Story: He Whakaputanga – Declaration of Independence

In 1835 northern chiefs signed a Declaration of Independence, asserting their sovereignty over New Zealand. The declaration had been drafted by a British official, prompted in part by rumours that a Frenchman was planning to declare himself king of New Zealand.

Story by Basil Keane
Main image: Chiefs choose the United Tribes' flag

Story summary

All images & media in this story

In the early 1800s, before New Zealand was a British colony, many European traders, whalers and settlers arrived here. Because of concerns about the behaviour of some Europeans, and the lack of laws to govern them, the British government appointed James Busby to be an official ‘British Resident’. Busby arrived in Waitangi, in the Bay of Islands, in 1833.

United Tribes’ flag

Ships needed to fly a flag of a country, but New Zealand didn’t have a national flag and a New Zealand-owned ship had been seized in Sydney for not flying a flag. In March 1834 Busby called together chiefs in Northland to decide on a flag. They were presented with three options, and the one they chose became known as the United Tribes’ flag. Busby hoped this might encourage different tribes to work together.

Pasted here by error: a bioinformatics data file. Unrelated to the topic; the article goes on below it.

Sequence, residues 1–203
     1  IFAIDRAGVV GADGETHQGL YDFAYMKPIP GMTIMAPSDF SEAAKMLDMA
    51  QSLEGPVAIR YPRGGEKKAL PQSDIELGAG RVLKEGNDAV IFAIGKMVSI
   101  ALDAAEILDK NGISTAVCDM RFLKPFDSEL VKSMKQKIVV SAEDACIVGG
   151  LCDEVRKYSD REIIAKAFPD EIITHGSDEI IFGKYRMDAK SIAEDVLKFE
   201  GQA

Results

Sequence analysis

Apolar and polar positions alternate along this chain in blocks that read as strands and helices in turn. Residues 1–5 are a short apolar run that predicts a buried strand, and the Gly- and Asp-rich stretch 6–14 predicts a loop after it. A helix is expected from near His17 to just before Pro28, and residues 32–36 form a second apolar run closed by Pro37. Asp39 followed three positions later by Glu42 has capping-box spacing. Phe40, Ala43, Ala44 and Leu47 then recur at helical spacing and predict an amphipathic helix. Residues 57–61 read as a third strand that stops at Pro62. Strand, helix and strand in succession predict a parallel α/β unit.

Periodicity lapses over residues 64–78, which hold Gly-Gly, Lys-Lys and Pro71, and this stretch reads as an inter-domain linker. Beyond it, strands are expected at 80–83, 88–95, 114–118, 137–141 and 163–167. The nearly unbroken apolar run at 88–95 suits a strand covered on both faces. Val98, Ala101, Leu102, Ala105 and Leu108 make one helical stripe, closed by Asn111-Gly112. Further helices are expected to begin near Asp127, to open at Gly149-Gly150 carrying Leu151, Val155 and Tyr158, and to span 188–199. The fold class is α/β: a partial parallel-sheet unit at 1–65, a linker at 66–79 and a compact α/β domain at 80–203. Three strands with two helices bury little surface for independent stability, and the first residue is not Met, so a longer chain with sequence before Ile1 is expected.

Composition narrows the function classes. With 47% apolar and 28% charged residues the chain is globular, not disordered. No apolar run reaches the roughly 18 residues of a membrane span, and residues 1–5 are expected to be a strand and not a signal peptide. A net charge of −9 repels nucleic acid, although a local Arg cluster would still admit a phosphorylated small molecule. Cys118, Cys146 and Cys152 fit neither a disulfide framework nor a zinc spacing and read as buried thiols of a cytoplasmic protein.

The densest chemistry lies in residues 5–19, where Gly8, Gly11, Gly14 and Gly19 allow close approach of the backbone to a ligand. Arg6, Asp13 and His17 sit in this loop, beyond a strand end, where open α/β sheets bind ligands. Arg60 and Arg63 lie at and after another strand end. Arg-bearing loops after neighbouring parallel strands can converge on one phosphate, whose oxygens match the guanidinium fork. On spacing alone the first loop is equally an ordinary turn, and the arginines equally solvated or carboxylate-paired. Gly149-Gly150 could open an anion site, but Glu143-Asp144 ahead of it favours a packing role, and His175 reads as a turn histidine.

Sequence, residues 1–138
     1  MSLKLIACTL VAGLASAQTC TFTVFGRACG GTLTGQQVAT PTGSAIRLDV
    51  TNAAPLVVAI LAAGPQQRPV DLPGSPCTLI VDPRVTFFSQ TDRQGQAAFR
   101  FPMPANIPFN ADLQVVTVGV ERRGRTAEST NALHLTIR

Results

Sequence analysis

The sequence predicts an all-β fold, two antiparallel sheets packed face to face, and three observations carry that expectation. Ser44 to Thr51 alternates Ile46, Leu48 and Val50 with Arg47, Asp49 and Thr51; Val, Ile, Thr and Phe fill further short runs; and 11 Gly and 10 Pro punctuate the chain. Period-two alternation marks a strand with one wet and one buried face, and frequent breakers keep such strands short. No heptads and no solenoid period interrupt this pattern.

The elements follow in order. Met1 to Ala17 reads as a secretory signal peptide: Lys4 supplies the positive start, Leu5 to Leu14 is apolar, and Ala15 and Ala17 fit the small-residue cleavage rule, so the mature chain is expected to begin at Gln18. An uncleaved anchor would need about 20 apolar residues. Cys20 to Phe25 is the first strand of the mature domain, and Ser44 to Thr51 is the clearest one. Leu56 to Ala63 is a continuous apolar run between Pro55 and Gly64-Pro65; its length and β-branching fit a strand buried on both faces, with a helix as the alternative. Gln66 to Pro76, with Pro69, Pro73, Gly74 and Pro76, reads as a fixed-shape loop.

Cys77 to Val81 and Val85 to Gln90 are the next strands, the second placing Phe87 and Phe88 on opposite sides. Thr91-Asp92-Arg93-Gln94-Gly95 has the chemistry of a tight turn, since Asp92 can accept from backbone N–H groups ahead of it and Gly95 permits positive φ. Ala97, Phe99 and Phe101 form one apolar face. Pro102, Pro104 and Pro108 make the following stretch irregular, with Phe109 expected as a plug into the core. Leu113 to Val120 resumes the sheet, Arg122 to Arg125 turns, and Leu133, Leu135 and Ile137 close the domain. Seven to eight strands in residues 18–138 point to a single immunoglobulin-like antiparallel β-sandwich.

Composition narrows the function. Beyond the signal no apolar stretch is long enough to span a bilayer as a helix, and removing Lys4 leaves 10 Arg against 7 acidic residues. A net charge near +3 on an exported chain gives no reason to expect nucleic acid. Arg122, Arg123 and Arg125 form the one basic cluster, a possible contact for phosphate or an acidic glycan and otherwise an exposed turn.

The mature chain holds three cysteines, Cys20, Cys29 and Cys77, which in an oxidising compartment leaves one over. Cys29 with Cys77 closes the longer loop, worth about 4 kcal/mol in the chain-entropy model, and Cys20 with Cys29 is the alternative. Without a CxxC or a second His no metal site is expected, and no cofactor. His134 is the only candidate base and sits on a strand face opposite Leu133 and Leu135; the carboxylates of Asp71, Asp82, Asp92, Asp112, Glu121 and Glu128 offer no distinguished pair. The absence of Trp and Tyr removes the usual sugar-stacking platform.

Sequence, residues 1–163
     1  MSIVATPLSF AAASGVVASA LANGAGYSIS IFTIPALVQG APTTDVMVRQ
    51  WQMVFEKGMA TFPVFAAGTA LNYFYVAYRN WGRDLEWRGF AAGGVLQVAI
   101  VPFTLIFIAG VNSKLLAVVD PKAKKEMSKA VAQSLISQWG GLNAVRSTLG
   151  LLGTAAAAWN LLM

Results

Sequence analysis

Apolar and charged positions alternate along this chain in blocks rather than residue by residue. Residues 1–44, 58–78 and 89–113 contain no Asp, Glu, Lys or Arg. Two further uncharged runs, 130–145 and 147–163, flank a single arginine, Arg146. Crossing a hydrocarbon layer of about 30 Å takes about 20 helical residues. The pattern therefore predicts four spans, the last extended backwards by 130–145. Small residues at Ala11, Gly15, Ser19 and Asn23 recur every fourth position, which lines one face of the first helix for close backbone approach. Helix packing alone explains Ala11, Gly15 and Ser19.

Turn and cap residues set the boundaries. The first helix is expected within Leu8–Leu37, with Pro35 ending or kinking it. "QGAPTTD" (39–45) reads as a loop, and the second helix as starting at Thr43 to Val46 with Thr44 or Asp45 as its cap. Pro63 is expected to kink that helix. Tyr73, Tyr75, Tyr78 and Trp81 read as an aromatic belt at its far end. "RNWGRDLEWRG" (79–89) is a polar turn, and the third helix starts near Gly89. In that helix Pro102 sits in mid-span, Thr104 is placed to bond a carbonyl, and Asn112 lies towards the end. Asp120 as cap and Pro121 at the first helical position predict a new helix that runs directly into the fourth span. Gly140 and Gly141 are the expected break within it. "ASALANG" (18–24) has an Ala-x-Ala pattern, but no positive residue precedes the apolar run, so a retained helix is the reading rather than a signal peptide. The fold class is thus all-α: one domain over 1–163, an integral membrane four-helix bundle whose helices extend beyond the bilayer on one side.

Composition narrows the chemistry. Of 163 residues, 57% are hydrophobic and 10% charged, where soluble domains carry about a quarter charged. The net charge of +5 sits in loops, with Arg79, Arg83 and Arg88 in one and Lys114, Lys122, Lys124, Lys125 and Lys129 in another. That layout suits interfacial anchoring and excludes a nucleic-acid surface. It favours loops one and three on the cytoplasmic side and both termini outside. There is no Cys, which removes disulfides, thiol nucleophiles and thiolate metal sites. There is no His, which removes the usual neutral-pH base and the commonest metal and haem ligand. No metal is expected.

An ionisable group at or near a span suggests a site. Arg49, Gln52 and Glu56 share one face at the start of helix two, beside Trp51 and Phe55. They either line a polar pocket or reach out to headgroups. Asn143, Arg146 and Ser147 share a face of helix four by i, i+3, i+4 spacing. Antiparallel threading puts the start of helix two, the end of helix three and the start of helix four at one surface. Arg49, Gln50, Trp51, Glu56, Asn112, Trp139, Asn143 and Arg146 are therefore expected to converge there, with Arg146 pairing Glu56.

Declaration of Independence

In the 1830s the British were concerned that France or the United States might try to claim New Zealand. Because of this, in 1835 Busby, with help from missionaries Henry Williams and William Colenso, drafted a statement for chiefs to sign in which they declared themselves rulers of New Zealand. The version that was signed was in Māori, but an English translation was also made.

What the declaration said

The declaration had four articles:

  • In the first article the chiefs declared New Zealand a ‘w[h]enua rangatira’ (independent state).
  • The second stated that the ‘kingitanga’ (sovereign power) was held collectively by the chiefs.
  • The third article said a huihuinga (congress) would meet in autumn each year to make laws and decisions.
  • The fourth article said a copy of this declaration would be sent to the king of England and asked him to be a parent of the infant state.

After the declaration

The declaration was sent to King William IV and was recognised by Britain.

Other chiefs signed the declaration up until 1839. In 1840 te Tiriti o Waitangi was signed and New Zealand became part of the British colony of New South Wales.

How to cite this page:

Basil Keane, 'He Whakaputanga – Declaration of Independence', Te Ara - the Encyclopedia of New Zealand, (accessed 17 June 2024)

Story by Basil Keane, published 20 June 2012